Matt Jordan, gardening expert for The Greenhouse People, has shared some “mistakes” you could be making with your compost, attracting rats into the garden.
1. Getting the wrong ratio of greens and browns
The expert explained: “Getting the ratio of greens and browns right in your compost heap can be tricky for any gardener. Paying attention to the layering will help ensure your compost is nutrient-rich without inviting pests into your garden.
“A ratio of four parts ‘browns’ to one part ‘greens’ is typically considered to be the best option for a compost heap. The greens include nitrogen-rich materials such as grass clippings, food scraps, coffee grounds and tea bags, while browns are high in carbon i.e. dry leaves, paper, branches and pine needles.
“Adding too many greens, typically food scraps will draw attention to rats searching for food. Be sure to layer brown materials over the greens to promote faster decomposition and reduce the odour of food, which will attract pests.”
2. Using too much water
According to the expert, a soggy compost heap may attract rats for many reasons including the compost turning anaerobic, meaning there is not enough oxygen in the soil.
This can often result in the compost having a “foul” smell, which attracts rodents to it. Too much water can also slow down the decomposition process which means food scraps are likely to sit around for much longer.
The expert noted: “While there is no exact rule for how much water to add to a compost heap, it’s generally best to feel it out.
“The compost should be damp to the touch but not soggy. If you squeeze a handful of compost, there should be some water drops but not dripping wet.”
3. Not covering a compost heap
Matt continued: “Of course, one of the easiest ways to prevent rats from creating a nest in your compost heap is by ensuring that they can’t access it.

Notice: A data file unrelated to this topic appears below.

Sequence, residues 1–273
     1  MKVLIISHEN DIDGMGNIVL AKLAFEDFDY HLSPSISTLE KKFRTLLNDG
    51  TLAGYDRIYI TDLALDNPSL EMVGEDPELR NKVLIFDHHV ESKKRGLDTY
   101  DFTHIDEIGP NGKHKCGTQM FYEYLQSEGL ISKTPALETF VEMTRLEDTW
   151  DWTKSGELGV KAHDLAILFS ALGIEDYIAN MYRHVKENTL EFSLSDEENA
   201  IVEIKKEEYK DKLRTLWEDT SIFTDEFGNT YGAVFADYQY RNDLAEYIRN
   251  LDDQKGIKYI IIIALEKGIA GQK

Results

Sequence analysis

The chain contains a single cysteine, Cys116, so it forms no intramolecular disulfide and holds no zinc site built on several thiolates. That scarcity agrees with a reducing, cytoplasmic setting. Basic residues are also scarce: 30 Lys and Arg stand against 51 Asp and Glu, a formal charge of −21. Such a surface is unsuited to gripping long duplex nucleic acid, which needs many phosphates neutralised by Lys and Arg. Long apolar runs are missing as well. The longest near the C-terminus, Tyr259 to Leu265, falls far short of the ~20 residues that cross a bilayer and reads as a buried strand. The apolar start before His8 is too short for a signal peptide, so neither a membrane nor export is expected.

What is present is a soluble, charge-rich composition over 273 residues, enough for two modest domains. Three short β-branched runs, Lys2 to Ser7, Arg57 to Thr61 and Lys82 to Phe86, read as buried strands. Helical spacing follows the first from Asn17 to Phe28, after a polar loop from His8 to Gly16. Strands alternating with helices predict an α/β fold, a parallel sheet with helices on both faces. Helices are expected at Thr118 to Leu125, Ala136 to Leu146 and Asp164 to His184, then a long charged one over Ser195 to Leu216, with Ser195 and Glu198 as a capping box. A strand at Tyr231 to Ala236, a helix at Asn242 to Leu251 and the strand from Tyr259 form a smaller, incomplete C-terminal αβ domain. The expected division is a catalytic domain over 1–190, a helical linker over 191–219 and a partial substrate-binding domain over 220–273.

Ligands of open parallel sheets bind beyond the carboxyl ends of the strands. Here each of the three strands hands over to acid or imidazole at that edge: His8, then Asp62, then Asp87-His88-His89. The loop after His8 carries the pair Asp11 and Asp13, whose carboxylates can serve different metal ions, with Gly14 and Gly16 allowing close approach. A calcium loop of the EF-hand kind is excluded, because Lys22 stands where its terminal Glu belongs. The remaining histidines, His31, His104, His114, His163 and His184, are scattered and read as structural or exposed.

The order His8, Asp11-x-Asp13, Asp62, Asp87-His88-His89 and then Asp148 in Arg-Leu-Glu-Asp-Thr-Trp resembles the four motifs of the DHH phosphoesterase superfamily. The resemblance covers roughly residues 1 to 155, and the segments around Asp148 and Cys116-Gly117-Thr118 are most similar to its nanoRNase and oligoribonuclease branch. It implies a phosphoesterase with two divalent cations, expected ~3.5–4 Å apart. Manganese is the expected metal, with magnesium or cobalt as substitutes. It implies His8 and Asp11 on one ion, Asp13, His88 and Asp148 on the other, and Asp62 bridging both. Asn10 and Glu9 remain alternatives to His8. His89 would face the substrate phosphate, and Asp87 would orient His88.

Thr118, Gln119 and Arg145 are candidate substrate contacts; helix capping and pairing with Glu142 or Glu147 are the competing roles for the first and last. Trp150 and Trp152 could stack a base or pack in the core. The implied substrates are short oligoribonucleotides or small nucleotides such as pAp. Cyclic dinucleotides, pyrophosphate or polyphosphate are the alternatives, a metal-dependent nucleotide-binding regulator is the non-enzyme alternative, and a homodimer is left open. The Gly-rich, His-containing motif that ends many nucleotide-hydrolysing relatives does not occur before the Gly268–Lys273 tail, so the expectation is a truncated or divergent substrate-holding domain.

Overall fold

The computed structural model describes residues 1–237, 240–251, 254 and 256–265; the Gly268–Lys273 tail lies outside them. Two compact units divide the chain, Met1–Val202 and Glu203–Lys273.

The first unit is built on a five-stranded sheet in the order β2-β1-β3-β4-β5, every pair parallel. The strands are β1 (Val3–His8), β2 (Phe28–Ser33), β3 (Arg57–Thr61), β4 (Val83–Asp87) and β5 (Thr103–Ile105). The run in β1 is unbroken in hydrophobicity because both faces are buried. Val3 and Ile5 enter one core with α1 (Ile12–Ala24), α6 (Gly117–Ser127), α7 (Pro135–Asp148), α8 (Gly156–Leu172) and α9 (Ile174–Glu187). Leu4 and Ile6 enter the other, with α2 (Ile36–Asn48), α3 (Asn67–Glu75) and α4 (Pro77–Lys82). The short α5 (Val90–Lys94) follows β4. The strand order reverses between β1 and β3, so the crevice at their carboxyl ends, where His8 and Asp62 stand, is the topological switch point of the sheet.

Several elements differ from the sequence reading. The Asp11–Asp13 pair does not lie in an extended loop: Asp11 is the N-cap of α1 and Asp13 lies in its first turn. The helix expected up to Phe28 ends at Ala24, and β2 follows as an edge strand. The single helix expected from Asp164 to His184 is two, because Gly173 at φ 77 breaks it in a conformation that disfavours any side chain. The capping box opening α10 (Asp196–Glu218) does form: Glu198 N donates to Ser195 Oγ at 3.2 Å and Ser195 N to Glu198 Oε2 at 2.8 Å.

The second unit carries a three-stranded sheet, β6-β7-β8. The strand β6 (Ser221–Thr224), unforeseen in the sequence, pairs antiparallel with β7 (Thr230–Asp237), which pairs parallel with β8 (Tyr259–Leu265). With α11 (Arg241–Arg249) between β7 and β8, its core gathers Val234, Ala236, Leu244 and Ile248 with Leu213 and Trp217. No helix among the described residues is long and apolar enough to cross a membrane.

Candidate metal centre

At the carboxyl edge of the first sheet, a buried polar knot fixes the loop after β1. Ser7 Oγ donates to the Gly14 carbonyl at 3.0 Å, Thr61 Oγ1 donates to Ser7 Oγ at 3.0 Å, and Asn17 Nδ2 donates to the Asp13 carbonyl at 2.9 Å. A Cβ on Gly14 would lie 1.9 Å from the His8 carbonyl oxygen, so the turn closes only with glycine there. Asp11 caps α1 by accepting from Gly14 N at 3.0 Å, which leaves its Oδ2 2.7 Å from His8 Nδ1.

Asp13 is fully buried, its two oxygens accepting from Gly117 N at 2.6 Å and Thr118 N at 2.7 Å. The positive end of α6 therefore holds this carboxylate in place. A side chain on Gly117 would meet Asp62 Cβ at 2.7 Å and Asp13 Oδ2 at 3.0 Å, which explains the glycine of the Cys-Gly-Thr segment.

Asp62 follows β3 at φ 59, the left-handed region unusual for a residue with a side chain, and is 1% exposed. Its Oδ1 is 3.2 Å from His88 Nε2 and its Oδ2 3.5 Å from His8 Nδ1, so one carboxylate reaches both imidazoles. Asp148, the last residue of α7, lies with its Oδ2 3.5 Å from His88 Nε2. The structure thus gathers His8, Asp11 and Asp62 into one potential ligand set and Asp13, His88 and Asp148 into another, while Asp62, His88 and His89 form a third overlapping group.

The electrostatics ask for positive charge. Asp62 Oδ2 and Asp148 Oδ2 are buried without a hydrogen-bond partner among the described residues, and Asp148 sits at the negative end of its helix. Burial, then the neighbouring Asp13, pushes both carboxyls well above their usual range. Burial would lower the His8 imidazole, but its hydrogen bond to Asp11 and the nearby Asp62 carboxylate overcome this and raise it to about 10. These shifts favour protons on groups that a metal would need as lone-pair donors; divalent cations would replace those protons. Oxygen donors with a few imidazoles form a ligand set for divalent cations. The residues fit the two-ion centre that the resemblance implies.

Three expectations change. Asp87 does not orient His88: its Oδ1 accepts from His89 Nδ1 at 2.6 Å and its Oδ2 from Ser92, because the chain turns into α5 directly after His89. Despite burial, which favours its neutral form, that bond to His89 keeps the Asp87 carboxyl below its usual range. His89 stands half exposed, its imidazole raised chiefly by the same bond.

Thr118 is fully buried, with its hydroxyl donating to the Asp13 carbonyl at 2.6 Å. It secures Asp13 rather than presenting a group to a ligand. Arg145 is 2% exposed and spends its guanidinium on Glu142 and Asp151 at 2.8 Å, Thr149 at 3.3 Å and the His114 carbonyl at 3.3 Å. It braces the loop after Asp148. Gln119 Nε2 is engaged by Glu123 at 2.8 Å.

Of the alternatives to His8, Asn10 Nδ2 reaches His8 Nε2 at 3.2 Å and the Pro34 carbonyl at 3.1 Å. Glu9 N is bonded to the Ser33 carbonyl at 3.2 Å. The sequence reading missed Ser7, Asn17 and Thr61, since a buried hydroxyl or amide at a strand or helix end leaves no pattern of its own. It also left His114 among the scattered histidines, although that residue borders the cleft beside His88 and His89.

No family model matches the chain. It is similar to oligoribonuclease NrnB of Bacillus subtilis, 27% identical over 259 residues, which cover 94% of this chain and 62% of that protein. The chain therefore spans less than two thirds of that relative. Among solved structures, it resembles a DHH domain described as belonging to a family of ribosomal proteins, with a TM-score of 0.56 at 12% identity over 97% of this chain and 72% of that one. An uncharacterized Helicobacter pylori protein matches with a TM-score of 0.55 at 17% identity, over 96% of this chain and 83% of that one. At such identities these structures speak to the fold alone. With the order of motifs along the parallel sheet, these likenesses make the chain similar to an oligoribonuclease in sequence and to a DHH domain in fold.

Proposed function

“An uncovered compost heap will emit odours that will be especially attractive to rats looking for food. The type of covering you use for your compost container may depend on the weather. If it’s very wet, then a tarp is an ideal protective cover.
“This will prevent the compost from becoming too soggy. Mesh or wire fencing can also be used to keep out bigger pests like rats while allowing for airflow and moisture.
“It’s important to note that the cover should be removed when adding new materials to the heap and when turning the heap, to allow air circulation and prevent odours.”
4. Forgetting to turn the pile
A regular rotation is not only great for the compost heap, but it can also help to deter rats because you will disturb their nest.
It will also make sure all the materials have a chance to break down properly.
5. Keeping compost too close to your home
Compost heaps naturally draw attention from pests and insects, so it is always a good idea to keep the compost heap as far away from the home as possible.
If it is located too close to your house, then rats may look for food and water in the home too.